A Question of Mercy

Rabe, David

Primary Category: Literature / Plays

Genre: Play

Annotated by:
Jones, Therese
  • Date of entry: Mar-26-1998


This play dramatizes the story of Anthony, a character with AIDS, who implores a retired surgeon to end his suffering. Torn between his ethical beliefs and empathic response, Dr. Robert Chapman finally agrees to advise Anthony and his partner, Thomas, as to the method and means for committing suicide. Dr. Chapman's moral conflict is mirrored by Thomas's emotional one as he is caught between respecting a lover's wishes and fearing his premature death. The couple's friend, Susanah, reinforces Thomas's and Dr. Chapman's concern about criminal consequences. After a failed suicide attempt on his own, Anthony has a change of heart.


Playwright David Rabe recalls being immediately inspired by "A Question of Mercy," the essay by Richard Selzer, M.D., which appeared in The New York Times Magazine on September 22, 1991. Written in the form of a diary, Dr. Selzer's essay recounted the poignant dilemma of a physician who wanted to abide by a personal and professional code of ethics and to end the desperate suffering of a young man in the late stages of AIDS. Seizing on the moral conflict and emotional ambivalence of the physician, Rabe constructed a play that successfully dramatizes each and every character's anguished uncertainty about assisting in a loved one's suicide.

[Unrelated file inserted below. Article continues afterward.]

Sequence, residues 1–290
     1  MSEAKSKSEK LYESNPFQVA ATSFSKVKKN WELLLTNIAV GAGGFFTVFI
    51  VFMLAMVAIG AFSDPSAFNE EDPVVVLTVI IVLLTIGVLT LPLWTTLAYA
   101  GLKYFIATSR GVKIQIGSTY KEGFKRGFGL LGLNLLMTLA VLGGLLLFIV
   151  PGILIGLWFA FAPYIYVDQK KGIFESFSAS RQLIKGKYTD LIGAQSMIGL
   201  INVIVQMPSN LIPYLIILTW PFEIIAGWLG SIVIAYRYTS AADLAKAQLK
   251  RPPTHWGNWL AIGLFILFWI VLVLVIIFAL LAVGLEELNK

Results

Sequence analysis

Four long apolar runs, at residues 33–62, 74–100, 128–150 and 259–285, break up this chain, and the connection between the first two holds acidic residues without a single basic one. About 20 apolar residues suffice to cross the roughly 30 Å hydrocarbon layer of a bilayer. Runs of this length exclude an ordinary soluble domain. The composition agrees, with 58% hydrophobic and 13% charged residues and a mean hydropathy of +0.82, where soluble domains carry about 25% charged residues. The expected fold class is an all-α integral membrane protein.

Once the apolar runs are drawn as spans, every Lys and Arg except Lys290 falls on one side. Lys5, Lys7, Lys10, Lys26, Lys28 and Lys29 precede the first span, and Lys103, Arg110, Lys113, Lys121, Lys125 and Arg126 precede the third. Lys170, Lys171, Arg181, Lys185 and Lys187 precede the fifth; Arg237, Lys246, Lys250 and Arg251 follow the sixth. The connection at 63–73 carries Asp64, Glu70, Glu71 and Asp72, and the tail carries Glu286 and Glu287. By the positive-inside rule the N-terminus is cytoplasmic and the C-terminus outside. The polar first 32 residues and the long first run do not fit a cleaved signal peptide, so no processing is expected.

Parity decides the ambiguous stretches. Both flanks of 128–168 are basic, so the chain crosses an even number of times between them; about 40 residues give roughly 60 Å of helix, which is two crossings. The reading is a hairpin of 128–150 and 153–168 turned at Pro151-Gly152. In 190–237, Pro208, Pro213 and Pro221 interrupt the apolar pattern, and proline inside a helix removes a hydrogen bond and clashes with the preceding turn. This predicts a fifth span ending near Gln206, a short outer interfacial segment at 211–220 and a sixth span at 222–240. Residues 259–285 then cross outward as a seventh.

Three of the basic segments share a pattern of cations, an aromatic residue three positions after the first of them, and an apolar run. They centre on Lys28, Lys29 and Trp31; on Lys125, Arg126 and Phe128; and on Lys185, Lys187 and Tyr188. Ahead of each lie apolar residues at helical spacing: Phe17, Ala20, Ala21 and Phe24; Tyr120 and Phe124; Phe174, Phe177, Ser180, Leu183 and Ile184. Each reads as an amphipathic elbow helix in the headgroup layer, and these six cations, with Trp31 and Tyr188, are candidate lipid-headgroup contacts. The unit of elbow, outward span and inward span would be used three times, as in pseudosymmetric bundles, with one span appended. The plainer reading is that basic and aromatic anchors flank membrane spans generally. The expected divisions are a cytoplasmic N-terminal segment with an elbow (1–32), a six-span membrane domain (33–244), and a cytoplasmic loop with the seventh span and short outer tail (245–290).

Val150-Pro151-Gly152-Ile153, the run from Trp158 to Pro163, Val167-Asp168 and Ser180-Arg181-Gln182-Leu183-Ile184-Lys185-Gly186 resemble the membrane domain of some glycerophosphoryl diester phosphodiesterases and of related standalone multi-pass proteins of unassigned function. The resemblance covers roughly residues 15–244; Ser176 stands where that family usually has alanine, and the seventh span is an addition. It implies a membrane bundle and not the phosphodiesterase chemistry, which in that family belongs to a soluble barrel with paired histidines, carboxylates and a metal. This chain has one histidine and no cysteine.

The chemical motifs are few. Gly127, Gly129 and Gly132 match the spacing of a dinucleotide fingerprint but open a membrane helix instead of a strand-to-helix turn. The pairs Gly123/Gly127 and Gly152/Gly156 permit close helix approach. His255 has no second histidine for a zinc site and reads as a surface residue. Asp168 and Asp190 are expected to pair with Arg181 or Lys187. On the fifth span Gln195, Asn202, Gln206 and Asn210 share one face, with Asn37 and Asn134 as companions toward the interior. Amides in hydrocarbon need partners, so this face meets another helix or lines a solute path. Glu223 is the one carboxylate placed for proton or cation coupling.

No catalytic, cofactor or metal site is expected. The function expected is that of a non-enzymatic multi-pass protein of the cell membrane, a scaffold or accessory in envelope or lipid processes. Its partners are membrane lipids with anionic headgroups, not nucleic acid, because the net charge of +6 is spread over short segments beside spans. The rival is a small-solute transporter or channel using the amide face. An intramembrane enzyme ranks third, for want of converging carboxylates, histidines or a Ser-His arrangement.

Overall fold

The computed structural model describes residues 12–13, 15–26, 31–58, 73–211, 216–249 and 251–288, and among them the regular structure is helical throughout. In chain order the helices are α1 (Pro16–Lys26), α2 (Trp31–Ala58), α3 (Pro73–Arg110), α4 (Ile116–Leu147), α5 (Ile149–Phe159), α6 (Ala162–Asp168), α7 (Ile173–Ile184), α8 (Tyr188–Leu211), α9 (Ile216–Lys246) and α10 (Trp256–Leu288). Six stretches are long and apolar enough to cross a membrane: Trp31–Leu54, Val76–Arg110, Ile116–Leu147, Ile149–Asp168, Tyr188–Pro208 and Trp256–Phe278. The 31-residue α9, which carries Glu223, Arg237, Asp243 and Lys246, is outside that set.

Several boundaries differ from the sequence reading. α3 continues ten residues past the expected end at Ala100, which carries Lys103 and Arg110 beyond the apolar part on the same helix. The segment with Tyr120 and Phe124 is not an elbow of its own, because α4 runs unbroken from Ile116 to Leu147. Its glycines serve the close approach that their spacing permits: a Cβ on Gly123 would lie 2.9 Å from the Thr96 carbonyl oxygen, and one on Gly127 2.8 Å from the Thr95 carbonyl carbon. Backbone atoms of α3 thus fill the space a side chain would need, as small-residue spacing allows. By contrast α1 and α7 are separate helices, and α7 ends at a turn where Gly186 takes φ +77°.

A Question of Mercy is a cautionary tale in that it compels all witnesses, both those inside as well as outside the play, to question whether or not they could help a loved one die and then live with themselves. As the drama unfolds, the characters become more concerned--understandably concerned--with their own prospective suffering after the suicide than with Anthony's very real suffering at the present time.

His wish for a "civilized" death in Thomas's arms is comprehensible but proves impossible. The result is a muddled end-game, fraught with fear, pain, abandonment and failure, a provocative depiction of the urgent and agonizing quandary of those at the center of such an experience.


Selzer's essay, "A Question of Mercy," is included in his autobiography, Down From Troy (New York: William Morrow, 1992).



Place Published

New York



Page Count